U.S. Africa Command conducted its first airstrike of the year in Somalia on Friday, after an uptick in the number of total airstrikes was recorded last year.

The Somali National Army was engaged in intense fighting against al-Shabab militants more than 160 miles northeast of the capital city of Mogadishu on Jan. 20, according to a statement from AFRICOM. Between ground forces and the U.S. strike, an estimated 30 al-Shabab fighters were killed and three vehicles destroyed.

“Somalia remains central to stability and security in all of East Africa,” a statement from AFRICOM said. “U.S. Africa Command’s forces will continue training, advising, and equipping partner forces to help give them the tools they need to defeat al-Shabaab, the largest and most deadly al-Qaeda network in the world.”

According to the statement, more than 100 al-Shabab fighters were a part of the attack on the Somali National Army.

The latest operations come as U.S. airstrikes in Somalia grew from 11 in 2021 to 15 the following year, according to the airstrike tracker at the Long War Journal. More than 100 al-Shabab fighters were killed by those 15 operations.

AFRICOM’s assessment suggested that no civilians were killed in the strike, given the remote location of the fighting. However, AFRICOM said it would “continue to assess” and provide additional information when and where possible.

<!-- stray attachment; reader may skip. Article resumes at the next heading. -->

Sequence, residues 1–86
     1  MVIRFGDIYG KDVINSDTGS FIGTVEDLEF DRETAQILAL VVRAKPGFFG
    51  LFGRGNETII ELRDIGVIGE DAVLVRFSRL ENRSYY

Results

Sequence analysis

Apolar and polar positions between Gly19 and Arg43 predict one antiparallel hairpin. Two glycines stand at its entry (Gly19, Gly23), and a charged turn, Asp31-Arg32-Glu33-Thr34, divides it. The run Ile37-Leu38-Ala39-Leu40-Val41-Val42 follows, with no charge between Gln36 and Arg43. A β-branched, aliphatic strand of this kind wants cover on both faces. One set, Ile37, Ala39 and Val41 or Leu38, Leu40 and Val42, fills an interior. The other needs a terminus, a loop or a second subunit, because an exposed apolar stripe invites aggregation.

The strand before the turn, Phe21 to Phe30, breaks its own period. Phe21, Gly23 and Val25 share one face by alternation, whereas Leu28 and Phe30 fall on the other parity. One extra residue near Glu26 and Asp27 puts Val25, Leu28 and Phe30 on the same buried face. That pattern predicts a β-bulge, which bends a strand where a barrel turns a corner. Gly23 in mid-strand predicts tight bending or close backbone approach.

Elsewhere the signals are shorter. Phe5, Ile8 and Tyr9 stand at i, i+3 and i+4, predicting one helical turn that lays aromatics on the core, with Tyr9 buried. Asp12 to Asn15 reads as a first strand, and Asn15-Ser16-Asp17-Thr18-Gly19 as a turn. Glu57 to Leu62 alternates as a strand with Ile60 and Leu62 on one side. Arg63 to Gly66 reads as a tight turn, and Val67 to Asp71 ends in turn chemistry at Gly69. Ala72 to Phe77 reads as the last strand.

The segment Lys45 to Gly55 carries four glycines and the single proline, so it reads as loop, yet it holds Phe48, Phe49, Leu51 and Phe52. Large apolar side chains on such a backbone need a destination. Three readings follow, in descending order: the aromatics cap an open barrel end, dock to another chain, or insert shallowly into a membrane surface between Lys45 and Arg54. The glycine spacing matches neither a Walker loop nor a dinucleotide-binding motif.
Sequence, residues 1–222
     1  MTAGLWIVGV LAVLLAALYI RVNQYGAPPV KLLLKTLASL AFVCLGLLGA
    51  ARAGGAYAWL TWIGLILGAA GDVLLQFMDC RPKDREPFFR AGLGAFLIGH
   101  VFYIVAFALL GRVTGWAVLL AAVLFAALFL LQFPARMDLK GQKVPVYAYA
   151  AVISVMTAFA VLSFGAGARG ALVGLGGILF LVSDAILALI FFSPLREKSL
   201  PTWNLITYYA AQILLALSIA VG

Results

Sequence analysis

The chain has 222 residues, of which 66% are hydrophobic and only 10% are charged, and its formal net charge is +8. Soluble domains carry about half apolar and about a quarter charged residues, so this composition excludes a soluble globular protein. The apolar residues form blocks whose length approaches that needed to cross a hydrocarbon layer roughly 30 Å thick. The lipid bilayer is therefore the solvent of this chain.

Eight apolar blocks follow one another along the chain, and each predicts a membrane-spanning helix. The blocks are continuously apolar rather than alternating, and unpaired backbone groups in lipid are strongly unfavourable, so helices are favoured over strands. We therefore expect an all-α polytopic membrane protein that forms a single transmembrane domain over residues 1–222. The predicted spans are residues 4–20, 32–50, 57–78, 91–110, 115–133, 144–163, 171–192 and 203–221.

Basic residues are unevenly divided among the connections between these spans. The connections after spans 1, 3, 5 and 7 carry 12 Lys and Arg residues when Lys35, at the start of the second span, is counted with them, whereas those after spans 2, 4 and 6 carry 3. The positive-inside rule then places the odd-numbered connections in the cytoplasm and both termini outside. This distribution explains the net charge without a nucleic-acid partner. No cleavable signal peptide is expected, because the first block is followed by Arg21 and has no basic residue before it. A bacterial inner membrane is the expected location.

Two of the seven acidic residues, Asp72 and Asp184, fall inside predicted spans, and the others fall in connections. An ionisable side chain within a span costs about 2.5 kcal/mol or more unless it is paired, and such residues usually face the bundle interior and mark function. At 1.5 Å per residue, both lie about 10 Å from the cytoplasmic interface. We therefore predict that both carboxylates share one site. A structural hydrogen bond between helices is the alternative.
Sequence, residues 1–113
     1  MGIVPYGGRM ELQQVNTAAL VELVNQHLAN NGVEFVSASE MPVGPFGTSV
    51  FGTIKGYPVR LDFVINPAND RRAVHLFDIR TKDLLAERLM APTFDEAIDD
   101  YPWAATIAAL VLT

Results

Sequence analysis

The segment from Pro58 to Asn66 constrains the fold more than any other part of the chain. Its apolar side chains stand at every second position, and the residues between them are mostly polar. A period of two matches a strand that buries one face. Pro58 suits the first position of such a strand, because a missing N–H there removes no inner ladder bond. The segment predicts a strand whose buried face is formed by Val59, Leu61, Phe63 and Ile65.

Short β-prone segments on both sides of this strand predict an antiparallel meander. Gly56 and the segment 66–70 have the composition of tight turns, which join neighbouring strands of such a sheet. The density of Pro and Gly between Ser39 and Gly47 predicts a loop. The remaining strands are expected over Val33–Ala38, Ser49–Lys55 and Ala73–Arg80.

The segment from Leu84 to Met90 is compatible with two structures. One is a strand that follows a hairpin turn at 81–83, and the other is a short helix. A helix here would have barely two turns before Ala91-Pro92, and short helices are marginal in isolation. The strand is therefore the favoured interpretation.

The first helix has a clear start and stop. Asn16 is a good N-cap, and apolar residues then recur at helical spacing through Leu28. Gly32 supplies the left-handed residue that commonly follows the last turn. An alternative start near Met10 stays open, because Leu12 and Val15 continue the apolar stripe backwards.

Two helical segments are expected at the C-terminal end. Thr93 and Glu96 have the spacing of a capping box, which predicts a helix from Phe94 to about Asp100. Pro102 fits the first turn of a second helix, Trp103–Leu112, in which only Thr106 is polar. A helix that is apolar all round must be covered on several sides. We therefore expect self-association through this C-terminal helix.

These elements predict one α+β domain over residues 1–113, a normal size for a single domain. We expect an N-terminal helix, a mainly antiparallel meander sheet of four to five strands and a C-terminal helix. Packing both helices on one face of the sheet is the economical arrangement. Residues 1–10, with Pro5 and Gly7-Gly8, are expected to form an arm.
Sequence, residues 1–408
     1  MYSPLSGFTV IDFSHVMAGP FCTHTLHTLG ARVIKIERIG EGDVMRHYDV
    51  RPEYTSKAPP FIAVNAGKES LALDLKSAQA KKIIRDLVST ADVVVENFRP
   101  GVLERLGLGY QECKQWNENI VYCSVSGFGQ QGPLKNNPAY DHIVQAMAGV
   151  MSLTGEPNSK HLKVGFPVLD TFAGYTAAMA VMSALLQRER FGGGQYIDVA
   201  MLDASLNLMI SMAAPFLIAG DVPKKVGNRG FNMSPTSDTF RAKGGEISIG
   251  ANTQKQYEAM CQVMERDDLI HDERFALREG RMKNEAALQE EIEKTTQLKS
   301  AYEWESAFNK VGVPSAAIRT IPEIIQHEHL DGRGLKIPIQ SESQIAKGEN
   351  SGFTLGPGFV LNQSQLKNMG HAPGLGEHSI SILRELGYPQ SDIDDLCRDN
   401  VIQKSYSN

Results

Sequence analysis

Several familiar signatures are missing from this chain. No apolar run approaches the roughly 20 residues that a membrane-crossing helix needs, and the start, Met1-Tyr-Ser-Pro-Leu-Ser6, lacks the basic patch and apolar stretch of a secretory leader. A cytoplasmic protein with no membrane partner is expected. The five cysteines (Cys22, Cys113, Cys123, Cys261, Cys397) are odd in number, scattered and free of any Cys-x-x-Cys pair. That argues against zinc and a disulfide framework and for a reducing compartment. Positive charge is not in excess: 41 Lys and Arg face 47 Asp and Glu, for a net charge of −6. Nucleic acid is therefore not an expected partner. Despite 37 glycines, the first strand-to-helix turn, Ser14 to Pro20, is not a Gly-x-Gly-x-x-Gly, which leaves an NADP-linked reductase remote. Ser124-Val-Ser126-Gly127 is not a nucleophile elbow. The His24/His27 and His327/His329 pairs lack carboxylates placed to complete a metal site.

AFRICOM also claims that none of its operations in 2022 lead to any civilian casualties.

U.S. airstrikes carried out within the country have not been conducted without scrutiny. In December, Rep. Sara Jacobs, D-Calif., and Sen. Elizabeth Warren, D-Mass., sent a letter to Secretary of Defense Lloyd Austin questioning the accuracy of the Pentagon’s civilian casualty report released in September.

“The Federal Government of Somalia and U.S. Africa Command take great measures to prevent civilian casualties,” AFRICOM said in a statement. “Protecting civilians remains a vital part of the command’s operations to promote greater security for all Africans.”

Despite U.S. air support and advising — along with more than 20,000 peacekeeping troops from the African Union — al-Shabab remains a credible threat against the Federal Government of Somalia. Just four days into 2023, al-Shabab claimed 10 victims in car bombings outside a military training center in Mogadishu.

Currently, fewer than 500 U.S. soldiers are deployed to Somalia. President Joe Biden reversed a decision by former President Donald Trump withdrawing U.S. troops from the country in totality.

Zamone “Z” Perez is a reporter at Military Times. He previously worked at Foreign Policy and Ufahamu Africa. He is a graduate of Northwestern University, where he researched international ethics and atrocity prevention in his thesis. He can be found on Twitter @zamoneperez.

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